In subgroup analysis after exclusion of women whose indication for termination of pregnancy was fetal anomaly or abnormality, the association between an interpregnancy interval of less than 6 months and preterm birth persisted. In subgroup analysis, the rate of preterm birth (at less than 37 weeks of gestation) was higher in women with a short interpregnancy interval (less than 6 months; 5.7%) compared with the reference group (4.0%; P=.009). The estimated risk of preterm birth in connection with a short interpregnancy interval (less than 6 months) was increased (OR 1.46, 95% CI 1.10–1.93) and it remained elevated even after adjustment for confounding factors (adjusted OR 1.37, 95% CI 1.03–1.83, P=.031). No increased risk of preterm birth was found after longer interpregnancy intervals in univariable or multivariable subgroup analyses. Furthermore, the length of the interpregnancy interval was not associated with low birth weight or SGA neonates in any of the interpregnancy interval groups.
Women who conceived less than 6 months after termination of pregnancy had a slightly but significantly increased estimated risk of preterm birth compared with women who conceived at 18 to less than 24 months after termination. No such association emerged between preterm birth and longer interpregnancy intervals. The interpregnancy interval did not influence the risk of subsequent low birth weight or SGA neonates. Young women, women with second-trimester termination of pregnancy, and women with previous deliveries had shorter interpregnancy intervals. When the indication for termination is fetal anomaly or abnormality, a new pregnancy as soon as possible is often wanted. These women were overrepresented in short interpregnancy interval groups. Nevertheless, the association between an interpregnancy interval of less than 6 months and preterm birth persisted even after excluding these women and was similar to that of the entire study population.
The main strength of this study is the large population-based cohort with high-quality data.10,17,18 In Finland, terminations of pregnancies are performed by medically qualified professionals according to national guideline.19 The importance of the interpregnancy interval as an independent risk factor can be assessed only when other confounding factors are considered. We controlled for nine confounding factors known to be associated with adverse pregnancy outcomes. Confounding still remains possible owing to factors for which we could not adjust such as previous preterm birth and ethnic background. Another limitation is that we could not stratify preterm births into spontaneous compared with medically indicated.
Most of the previous studies have assessed the effects of a short interpregnancy interval after live birth or miscarriage. Preterm birth, low birth weight, and SGA neonates have been found to be associated with a short interval after live birth.3–6 However, recently Ball et al20 questioned the causal effects of interpregnancy interval on adverse pregnancy outcomes by using within-mother analysis. In this matched model, a short interval was not associated with adverse outcomes. The results suggest that associations between a short interval and adverse birth outcomes may be the result of unmeasured confounding by maternal factors.
Unlike after live birth, women who conceive within 6 months after miscarriage have been shown to have better outcomes in subsequent pregnancy compared with women with longer interpregnancy intervals. Possibly factors associated with underlying subfertility can lead to longer intervals resulting in adverse perinatal outcomes after miscarriage.21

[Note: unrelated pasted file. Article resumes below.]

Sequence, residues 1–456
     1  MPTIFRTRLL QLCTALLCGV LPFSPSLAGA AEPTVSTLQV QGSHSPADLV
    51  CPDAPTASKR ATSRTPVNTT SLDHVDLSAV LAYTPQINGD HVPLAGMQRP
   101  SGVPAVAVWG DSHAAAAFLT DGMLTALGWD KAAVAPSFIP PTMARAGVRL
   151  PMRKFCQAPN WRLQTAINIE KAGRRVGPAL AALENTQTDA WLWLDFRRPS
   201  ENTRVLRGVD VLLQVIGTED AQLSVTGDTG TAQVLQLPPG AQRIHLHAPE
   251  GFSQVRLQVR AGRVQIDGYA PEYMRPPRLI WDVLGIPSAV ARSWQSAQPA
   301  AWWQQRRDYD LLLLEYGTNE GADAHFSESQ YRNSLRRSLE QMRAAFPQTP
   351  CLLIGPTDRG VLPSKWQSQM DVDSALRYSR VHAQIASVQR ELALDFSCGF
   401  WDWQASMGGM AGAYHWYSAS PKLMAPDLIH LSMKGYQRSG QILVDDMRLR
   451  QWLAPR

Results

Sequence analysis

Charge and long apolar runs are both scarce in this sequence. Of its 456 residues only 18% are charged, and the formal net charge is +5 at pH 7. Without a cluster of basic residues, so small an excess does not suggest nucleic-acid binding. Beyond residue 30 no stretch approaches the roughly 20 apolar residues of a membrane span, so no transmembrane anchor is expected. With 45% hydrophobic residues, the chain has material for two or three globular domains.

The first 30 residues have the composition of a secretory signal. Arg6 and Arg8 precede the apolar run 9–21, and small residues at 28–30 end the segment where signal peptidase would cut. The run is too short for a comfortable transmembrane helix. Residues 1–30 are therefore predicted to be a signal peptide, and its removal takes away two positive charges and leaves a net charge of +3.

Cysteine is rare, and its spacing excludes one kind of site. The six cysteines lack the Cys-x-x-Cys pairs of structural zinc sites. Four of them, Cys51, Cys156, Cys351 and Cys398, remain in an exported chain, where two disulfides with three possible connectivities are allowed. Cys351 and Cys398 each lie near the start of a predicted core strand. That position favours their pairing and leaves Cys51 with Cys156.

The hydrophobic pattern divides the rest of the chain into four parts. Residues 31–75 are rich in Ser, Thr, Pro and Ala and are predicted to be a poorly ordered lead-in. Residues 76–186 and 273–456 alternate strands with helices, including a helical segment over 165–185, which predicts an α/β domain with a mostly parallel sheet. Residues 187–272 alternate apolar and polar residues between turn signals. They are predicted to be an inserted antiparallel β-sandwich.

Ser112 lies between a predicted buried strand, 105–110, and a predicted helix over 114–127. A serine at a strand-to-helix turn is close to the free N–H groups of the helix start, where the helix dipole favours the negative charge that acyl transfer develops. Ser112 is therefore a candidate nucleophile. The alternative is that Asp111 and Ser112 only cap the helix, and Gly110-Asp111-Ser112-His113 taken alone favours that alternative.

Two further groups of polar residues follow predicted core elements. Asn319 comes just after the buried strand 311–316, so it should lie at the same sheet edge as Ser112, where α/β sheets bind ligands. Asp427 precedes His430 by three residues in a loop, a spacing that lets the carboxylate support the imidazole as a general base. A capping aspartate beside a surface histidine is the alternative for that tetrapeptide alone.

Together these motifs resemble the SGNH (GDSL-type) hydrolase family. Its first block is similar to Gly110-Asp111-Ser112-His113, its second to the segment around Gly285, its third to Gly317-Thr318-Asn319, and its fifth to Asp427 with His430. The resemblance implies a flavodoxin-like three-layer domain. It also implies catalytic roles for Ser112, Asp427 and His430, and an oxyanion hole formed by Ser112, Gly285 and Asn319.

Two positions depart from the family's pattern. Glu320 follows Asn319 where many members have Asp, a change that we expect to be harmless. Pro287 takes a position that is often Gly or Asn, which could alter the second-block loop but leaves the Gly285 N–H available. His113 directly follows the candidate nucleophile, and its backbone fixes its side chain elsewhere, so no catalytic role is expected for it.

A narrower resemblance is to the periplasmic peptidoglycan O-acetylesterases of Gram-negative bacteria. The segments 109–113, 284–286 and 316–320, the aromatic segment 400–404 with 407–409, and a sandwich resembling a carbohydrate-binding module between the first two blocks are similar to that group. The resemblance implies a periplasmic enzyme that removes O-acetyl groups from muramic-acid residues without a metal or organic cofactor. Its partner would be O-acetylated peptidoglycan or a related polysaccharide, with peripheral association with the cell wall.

Evidence regarding birth spacing after termination of pregnancy is scant. One large-scale study from Latin America concluded that interpregnancy intervals of 0–2 months and 3–5 months after abortion were associated with increased risks of preterm and very preterm birth and low birth weight compared with an interval of 18–23 months. No increased risk of SGA was found.9 Unlike in our study, no distinction between spontaneous and induced abortion was made. Furthermore, the information on previous abortions was dependent on self-reported data, which may have caused recall bias. Another study concerning the effect of interpregnancy interval after medical termination of pregnancy on the risk of adverse birth outcomes among nulliparous women found an increased risk of SGA neonates when the interval was less than 6 months.22 There was no association between interval and other adverse outcomes. The authors hypothesized that necrotic decidua retained in the uterus after medical termination might lead to decreased uteroplacental–fetal blood flow in the next pregnancy and influence the risk of SGA. Also, this study relied on self-reported abortion history. In our study, the risk of giving birth to a SGA neonate was not increased and the analyses were adjusted for the method of termination of pregnancy.
Zhou et al23 conducted two studies concerning termination of pregnancy and duration of subsequent pregnancy and low birth weight. Women with first-trimester termination were compared with women whose pregnancies were not terminated. In contrast to our results, they found an increased risk of preterm delivery when the interpregnancy interval was longer than 12 months. In addition, the risk of low birth weight was elevated if the interval was longer than 6 months.24 The limitation of these studies was the fact that a comparison was made between women who underwent termination of pregnancy and women whose pregnancy ended in stillbirth, spontaneous abortion, or live birth. Heterogeneity of the control group might introduce bias, and unequal fecundity may affect the results.
Our results highlight the importance of contraception after termination of pregnancy. Although the possibility of unmeasured confounding in our study cannot be ruled out and most preterm births cannot be predicted, well-timed subsequent pregnancy may help to avoid complications associated with preterm birth. Information concerning the potential risk of preterm birth after a short interpregnancy interval is of value to women undergoing termination of pregnancy as well as to health care providers involved in abortion care.